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Transport emissions in 2006 contributed to 24% of global CO2 emissions, with over half of these being due to car travel. Walking and cycling are the most environmentally sound ways of travelling and encouraging them is key. But they are only practical for a small amount of journeys. Next to these, coaches provide the lowest-carbon way to travel, with train and bus close behind.
We need to dramatically reduce greenhouse gases and create a low-carbon economy. The role of transport in this is crucial, both in terms of the effects on the economy and on people�s lifestyles. One of the most important steps anyone can make in reducing their carbon footprint is to switch to low-carbon transport. That�s why having a workable, integrated public transport system is essential.
The more we extend the provision of public transport, the more people will use it instead of cars or planes and the less CO2 and pollution will be released into our atmosphere, therefore allowing a clearer and better quality of life for all. Partnerships between national and local government, transport operators and town planners are key to removing the barriers to public transport use.
And low carbon transport options don�t just cut the gases that contribute to global warming. They also offer the chance to reduce a range of other exhaust pollutants that have a major impact on human health.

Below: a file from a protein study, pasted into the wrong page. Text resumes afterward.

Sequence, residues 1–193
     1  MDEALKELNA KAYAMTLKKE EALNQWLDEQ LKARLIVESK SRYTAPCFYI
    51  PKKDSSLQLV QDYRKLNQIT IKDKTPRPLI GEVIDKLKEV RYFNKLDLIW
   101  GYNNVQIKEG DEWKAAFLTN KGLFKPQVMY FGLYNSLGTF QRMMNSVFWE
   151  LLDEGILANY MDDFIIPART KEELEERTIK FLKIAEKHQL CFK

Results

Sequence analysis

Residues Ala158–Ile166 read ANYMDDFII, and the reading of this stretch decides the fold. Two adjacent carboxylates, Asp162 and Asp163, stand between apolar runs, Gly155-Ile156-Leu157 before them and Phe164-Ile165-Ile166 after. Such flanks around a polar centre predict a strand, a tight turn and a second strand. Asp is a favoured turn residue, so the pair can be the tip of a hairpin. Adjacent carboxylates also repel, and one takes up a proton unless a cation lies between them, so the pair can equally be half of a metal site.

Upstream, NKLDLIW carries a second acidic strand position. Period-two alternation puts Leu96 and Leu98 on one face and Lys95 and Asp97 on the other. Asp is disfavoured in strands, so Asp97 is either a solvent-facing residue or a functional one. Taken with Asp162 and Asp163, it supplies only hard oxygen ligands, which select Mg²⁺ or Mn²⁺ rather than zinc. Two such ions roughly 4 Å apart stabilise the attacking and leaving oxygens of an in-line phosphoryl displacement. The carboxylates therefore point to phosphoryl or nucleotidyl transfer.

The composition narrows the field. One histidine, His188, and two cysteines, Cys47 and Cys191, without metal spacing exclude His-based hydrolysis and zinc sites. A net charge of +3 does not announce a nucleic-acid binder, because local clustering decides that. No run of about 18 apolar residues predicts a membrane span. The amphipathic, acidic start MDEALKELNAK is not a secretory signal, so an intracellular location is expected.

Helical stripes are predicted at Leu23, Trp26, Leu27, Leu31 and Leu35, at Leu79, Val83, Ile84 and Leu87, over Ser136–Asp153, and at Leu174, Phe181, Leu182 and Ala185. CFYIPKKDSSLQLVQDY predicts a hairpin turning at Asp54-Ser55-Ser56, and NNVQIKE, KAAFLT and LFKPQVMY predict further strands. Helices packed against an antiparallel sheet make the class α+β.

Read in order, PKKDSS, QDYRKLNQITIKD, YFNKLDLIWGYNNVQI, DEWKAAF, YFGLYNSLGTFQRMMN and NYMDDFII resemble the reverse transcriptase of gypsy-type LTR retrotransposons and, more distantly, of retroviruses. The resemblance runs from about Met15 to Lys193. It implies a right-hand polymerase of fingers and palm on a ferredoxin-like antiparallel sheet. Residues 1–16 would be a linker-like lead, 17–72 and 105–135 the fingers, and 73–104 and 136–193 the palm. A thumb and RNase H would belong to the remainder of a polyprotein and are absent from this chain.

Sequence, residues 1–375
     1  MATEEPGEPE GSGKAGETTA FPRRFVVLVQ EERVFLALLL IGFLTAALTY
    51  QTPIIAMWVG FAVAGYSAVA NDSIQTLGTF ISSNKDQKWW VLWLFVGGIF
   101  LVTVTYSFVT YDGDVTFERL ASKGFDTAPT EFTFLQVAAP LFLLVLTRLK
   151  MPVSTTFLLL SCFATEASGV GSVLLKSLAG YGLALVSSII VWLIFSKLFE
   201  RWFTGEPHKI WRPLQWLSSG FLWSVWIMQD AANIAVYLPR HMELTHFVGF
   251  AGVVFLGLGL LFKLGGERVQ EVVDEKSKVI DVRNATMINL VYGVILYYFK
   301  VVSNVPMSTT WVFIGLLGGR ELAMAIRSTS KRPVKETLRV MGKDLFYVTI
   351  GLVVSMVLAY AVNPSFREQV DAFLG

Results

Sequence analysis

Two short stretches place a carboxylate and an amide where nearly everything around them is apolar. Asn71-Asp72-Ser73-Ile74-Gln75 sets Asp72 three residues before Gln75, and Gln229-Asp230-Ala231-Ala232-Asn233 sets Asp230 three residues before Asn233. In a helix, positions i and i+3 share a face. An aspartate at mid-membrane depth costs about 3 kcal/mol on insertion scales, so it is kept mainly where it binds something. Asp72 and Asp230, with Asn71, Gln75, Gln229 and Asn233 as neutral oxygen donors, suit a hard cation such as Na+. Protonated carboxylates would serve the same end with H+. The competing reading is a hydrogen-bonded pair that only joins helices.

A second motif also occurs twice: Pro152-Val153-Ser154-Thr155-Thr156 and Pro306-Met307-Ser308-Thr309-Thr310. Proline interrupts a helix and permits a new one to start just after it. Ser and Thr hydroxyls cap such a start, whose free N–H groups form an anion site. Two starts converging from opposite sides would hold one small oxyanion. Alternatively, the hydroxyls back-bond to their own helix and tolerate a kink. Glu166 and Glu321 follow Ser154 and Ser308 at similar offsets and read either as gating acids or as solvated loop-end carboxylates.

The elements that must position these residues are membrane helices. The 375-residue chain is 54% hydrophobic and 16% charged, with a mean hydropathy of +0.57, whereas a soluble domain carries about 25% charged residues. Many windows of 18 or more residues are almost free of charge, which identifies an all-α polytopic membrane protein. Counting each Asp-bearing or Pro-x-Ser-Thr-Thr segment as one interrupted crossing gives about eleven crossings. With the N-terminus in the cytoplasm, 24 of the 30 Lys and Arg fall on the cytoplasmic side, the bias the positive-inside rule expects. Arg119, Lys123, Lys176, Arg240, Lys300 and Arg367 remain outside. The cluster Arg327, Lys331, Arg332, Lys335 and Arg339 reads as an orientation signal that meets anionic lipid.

An integrated transport system that attracts a bigger share of travellers keeps people protected as their is a lower risk of accidents. Compared with travelling by car, you�re at least ten times safer on public transport.
Bus operators worldwide are working on improving the efficiency of their vehicles. Some operators are looking at diesel-hybrid technology to reduce CO2 and exhaust pollutants. National Express Group for instance have a very clear policy on reduction of emissions - see National Express : Corporate Responsibility for more information.
We can�t keep building and widening roads to cut congestion. There isn�t room and our countryside needs protecting. A full coach removes a mile of traffic from the roads. Worth thinking about? Public transport also reduces the need for as much town/city-centre parking, freeing up space for people to walk and cycle. On existing roads dedicated lanes for multi-passenger vehicles would cut journey times for people who choose lower-carbon ways to travel.
Spending time sitting in traffic is wasteful. People can enjoy more productive time while travelling either working or relaxing.
Not everyone has a car. Not everyone wants new dual carriageways cutting through their community, separating their homes from nearby amenities. In the future we need to integrate planning and transport systems so that communities don�t feel fragmented. Services need to be joined up so that everyone has access to them and they serve the people that need them the most.